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Irish[edit]

Etymology[edit]

From Old Irish .

Pronunciation[edit]

Pronoun[edit]

(conjunctive and disjunctive)

  1. I, me
    anseo. ― I am here.
    Feiceann sé . ― He sees me.

See also[edit]


Ladin[edit]

Etymology[edit]

From Latin māius.

Noun[edit]

 m (plural més)

  1. May (month)

Norman[edit]

Etymology 1[edit]

From Old French mei, mi (me), from Latin (me), from Proto-Indo-European *(e)me-, *(e)me-n- (me).

Pronoun[edit]

  1. (Guernsey) me

Etymology 2[edit]

From Old French mer, from Latin mare, from Proto-Indo-European *móri.

Norman Wikipedia has an article on:

Wikipedia nrf

Pronunciation[edit]

  • (file)

Noun[edit]

 f (plural mers)

  1. (Jersey, continental Normandy, geography) sea
Alternative forms[edit]
Derived terms[edit]

Old Irish[edit]

Etymology[edit]

From Proto-Celtic *mī, from Proto-Indo-European *(e)me-, *(e)me-n- (me) (compare Sanskrit मा (), Greek με (me), Latin , Welsh mi).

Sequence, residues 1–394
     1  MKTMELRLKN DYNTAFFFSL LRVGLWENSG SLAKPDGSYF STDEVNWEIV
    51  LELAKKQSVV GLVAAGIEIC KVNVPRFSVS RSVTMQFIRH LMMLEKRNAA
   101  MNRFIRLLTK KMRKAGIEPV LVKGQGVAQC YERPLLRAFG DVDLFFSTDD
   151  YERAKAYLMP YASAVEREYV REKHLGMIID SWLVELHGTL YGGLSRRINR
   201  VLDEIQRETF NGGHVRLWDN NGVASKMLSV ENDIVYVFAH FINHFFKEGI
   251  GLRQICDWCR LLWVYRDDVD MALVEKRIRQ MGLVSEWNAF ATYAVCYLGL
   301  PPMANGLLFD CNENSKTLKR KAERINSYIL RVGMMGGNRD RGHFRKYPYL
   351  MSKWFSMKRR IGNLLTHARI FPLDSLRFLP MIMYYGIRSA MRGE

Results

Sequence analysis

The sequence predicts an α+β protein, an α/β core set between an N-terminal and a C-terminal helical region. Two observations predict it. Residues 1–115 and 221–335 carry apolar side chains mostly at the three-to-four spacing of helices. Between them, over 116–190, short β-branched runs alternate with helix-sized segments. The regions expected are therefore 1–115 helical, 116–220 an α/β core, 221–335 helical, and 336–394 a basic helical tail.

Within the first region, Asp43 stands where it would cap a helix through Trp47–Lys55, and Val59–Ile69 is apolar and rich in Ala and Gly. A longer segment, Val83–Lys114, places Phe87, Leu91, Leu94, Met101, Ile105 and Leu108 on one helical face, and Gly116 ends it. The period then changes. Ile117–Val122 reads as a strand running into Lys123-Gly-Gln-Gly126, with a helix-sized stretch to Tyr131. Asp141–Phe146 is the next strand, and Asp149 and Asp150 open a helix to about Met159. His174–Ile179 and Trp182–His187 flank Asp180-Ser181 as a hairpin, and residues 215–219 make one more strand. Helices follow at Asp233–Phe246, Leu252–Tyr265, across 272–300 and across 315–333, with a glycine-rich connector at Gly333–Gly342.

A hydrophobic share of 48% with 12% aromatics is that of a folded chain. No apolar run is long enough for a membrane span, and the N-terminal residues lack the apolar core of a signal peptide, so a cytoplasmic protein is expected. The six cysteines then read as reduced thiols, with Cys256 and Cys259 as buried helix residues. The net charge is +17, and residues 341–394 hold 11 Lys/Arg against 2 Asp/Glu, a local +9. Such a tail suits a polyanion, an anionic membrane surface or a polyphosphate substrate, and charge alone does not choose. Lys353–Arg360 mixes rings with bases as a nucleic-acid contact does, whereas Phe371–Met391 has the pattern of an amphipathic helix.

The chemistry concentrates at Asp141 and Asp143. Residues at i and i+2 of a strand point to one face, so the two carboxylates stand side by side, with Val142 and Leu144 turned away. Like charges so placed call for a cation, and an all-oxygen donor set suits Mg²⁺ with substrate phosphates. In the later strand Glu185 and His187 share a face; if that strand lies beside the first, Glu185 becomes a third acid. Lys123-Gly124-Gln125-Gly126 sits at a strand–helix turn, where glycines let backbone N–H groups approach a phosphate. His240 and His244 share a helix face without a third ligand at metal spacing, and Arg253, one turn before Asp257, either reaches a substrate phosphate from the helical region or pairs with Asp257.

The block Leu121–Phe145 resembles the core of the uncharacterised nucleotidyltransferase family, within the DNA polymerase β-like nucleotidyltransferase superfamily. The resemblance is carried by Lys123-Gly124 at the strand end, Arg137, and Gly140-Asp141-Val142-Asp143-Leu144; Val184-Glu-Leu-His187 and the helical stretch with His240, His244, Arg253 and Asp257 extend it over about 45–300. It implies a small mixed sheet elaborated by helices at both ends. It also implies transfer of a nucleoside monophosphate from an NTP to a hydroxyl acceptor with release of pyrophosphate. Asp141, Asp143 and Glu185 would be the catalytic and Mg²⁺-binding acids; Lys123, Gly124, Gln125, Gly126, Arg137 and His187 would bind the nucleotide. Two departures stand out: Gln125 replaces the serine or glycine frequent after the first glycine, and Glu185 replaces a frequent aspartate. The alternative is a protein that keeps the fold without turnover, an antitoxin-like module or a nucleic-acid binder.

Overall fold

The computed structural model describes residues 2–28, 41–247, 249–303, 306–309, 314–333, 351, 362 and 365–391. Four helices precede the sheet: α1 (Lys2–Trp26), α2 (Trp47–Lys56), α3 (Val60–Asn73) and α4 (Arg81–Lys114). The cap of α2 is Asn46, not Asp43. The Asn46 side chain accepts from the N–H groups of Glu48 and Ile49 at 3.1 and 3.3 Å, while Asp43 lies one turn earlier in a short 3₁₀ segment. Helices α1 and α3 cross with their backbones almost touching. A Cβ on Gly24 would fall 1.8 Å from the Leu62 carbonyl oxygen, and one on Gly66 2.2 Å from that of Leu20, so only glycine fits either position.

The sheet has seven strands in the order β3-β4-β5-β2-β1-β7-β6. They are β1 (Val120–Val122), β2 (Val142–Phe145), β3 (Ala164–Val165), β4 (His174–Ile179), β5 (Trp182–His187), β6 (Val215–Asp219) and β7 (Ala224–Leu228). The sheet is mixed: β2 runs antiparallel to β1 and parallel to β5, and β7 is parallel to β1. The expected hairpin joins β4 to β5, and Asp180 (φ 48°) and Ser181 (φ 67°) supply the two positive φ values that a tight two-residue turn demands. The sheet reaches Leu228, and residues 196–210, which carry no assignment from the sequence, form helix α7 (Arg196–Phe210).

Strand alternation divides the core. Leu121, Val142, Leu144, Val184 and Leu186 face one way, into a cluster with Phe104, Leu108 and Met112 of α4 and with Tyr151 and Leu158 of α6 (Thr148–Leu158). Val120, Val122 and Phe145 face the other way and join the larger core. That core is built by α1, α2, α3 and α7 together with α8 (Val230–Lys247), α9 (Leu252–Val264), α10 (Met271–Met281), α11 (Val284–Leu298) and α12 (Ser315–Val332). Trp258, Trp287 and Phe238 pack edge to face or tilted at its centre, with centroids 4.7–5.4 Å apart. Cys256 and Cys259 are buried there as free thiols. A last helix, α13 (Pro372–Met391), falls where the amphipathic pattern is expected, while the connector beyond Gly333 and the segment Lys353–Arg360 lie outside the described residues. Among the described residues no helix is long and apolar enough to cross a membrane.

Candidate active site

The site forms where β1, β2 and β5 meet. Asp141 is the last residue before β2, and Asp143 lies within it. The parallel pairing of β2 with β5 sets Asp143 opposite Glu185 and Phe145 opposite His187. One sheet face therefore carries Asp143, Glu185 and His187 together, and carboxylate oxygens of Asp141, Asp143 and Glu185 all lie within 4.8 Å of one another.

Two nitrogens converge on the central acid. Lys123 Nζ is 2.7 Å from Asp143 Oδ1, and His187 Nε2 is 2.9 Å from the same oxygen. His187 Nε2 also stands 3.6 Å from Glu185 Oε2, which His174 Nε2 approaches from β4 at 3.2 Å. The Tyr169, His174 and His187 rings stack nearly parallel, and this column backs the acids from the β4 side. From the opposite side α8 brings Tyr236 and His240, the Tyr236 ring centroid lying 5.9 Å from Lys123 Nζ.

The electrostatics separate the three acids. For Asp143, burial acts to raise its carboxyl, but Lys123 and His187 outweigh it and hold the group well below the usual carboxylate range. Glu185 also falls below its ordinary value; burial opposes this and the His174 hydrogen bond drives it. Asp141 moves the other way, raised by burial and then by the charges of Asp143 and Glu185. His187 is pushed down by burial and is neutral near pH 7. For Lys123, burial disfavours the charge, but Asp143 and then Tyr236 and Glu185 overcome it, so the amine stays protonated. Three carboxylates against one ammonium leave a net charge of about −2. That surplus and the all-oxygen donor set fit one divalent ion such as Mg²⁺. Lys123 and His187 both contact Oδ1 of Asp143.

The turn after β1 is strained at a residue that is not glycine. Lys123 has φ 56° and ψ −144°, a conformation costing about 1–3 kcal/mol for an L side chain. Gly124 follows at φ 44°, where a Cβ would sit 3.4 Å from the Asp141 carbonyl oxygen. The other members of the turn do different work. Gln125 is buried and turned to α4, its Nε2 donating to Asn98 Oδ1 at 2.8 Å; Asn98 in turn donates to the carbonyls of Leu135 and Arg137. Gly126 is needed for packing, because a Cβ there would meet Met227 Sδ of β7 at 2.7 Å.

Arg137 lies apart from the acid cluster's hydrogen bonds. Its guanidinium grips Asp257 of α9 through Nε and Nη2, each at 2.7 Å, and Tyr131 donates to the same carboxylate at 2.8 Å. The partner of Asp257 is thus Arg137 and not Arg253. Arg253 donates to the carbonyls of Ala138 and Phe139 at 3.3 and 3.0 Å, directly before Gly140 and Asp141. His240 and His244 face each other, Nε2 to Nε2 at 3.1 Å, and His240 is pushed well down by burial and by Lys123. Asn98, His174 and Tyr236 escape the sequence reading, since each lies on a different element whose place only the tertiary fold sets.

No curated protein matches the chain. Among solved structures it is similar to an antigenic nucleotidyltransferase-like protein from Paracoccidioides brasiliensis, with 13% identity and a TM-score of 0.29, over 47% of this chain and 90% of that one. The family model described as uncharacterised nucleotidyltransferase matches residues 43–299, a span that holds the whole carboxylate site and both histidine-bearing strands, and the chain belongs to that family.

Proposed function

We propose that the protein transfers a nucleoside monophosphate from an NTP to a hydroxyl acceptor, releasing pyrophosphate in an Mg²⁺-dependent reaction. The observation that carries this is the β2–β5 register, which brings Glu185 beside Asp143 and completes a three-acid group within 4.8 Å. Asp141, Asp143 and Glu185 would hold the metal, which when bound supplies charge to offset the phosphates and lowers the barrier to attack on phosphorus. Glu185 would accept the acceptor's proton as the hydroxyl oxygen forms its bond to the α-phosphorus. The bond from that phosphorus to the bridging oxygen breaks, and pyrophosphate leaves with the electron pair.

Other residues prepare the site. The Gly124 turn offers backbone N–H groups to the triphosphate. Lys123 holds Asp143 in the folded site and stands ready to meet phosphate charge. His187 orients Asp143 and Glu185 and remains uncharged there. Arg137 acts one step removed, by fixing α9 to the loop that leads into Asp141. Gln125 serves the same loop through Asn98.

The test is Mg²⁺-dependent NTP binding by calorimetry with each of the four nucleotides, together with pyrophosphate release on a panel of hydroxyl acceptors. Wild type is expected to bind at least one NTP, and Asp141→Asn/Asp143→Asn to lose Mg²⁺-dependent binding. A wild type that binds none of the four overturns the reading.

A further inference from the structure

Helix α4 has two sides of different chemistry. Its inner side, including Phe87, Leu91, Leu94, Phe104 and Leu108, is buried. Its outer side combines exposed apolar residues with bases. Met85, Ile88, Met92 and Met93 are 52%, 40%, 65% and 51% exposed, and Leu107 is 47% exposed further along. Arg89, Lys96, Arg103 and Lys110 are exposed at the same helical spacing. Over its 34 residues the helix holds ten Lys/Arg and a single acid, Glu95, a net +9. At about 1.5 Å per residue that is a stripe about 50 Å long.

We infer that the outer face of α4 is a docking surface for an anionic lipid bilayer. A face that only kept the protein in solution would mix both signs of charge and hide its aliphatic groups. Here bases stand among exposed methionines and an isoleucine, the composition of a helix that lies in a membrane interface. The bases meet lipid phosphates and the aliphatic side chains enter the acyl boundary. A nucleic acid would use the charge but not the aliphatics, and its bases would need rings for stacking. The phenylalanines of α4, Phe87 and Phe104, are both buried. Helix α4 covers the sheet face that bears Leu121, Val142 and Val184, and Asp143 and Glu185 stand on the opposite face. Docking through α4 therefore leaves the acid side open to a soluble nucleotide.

Pronunciation[edit]

Pronoun[edit]

  1. I
    • c. 800, Würzburg Glosses on the Pauline Epistles, published in Thesaurus Palaeohibernicus (reprinted 1987, Dublin Institute for Advanced Studies), edited and with translations by Whitley Stokes and John Strachan, vol. I, pp. 499–712, Wb. 5b17
      Is as apstal geinte.
      It is I who am the apostle of the gentiles.

Related terms[edit]

Descendants[edit]

  • Irish:
  • Scottish Gaelic: mi
  • Manx: mee

Venetian[edit]

Pronoun[edit]

(possesive)

  1. mine